Dileo, John 1961–

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DILEO, John 1961–

PERSONAL: Born February 1, 1961, in New York, NY; son of John and Vera DiLeo; companion of Earl McCarroll. Ethnicity: "Italian." Education: Ithaca College, B.F.A. (theater arts), 1982.

ADDRESSES: HomeNew York, NY; and Milford, PA. Agent—Diana Finch, 116 W. 23rd St., Ste. 500, New York, NY 10011. E-mail[email protected]

CAREER: Professional stage actor, 1982–95; full-time writer, 1995–.

MEMBER: Actors' Equity Association, Screen Actors Guild.


And You Thought You Knew Classic Movies!, St. Martin's Press (New York, NY), 1999.

One Hundred Great Film Performances You Should Remember, but Probably Don't, Limelight Editions (New York, NY), 2002.

Contributor of book reviews to Washington Post Book World and film reviews to Urban Refugee (magazine).

WORK IN PROGRESS: Book about "Great Underappreciated" American films.

SIDELIGHTS: John DiLeo told CA: "Writing is a way for me to share my enthusiasm for my subject (American movies). Criticism is a way to express yourself through your responses to art, and I've found it to be very gratifying to organize and shape my thoughts, and then communicate them to readers. Specifically, I write about movies that are underrated or overlooked or forgotten, and I've made it my mission to bring these films the attention they deserve.

"The work of Pauline Kael had a great impact on me long before I knew I'd ever be writing film criticism, and she continues to be an inspiration. Her access to her thoughts and feelings is so uncluttered, so true, so immediate.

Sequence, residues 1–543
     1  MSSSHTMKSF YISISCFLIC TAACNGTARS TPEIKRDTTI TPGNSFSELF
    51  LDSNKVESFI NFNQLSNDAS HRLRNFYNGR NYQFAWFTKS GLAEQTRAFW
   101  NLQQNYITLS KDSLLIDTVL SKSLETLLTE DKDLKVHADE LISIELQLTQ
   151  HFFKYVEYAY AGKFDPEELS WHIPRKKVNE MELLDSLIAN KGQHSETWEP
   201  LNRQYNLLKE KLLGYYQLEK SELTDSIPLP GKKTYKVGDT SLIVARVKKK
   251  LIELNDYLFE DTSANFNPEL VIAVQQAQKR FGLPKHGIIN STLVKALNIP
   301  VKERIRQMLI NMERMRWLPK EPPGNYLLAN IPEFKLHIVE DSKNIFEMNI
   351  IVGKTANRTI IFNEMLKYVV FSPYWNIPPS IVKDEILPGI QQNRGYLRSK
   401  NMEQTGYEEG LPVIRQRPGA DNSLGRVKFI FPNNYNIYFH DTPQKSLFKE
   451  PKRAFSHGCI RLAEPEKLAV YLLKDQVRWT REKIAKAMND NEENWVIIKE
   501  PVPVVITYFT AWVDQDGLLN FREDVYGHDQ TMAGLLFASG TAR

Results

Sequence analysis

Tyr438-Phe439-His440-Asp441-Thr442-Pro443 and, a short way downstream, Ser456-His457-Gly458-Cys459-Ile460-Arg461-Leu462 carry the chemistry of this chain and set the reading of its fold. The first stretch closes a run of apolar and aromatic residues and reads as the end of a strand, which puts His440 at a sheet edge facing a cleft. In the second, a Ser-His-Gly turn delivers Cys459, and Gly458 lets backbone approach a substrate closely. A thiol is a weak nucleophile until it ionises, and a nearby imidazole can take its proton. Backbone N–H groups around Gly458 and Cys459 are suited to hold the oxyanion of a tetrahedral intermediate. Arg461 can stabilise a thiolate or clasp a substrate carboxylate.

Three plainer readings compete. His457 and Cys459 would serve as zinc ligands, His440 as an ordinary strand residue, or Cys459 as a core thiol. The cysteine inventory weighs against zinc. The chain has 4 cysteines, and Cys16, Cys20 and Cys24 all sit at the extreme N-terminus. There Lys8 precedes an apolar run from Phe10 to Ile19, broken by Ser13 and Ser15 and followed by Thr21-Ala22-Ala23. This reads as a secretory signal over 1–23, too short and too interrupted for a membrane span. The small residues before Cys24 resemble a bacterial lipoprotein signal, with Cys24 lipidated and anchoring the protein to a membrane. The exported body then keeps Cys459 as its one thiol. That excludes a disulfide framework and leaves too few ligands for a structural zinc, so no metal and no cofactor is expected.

"After viewing a movie, I immediately begin writing down all my thoughts (in longhand), everything that I think I want to say about it. It's important to get these ideas down right away. I usually watch the movie again, this time taking extensive notes, watching key scenes multiple times. Then I put everything into the computer, creating the shape of the essay as I write. At this point, I have a piece that is too long and repetitive, so I begin the stripping-away process. This part always feels like sculpting to me, cutting away the extraneous bits until the final structure is revealed. When I'm close to finishing, I usually go back to the film to recheck the details of certain scenes. I know I'm done when I can read a piece and not want to change anything. An essay usually takes me five days.

"After years of living the struggling-actor life, I started writing about movies for my own amusement, or as an escape from the dissatisfactions of my acting career. I had always been a film fanatic and decided to try to use my knowledge and create something. For me, writing is very much like acting, because I'm still trying to communicate with an audience, still trying to get a laugh or entertain or make someone think. It's been an easy transition, because writing satisfies the same needs that led me to acting."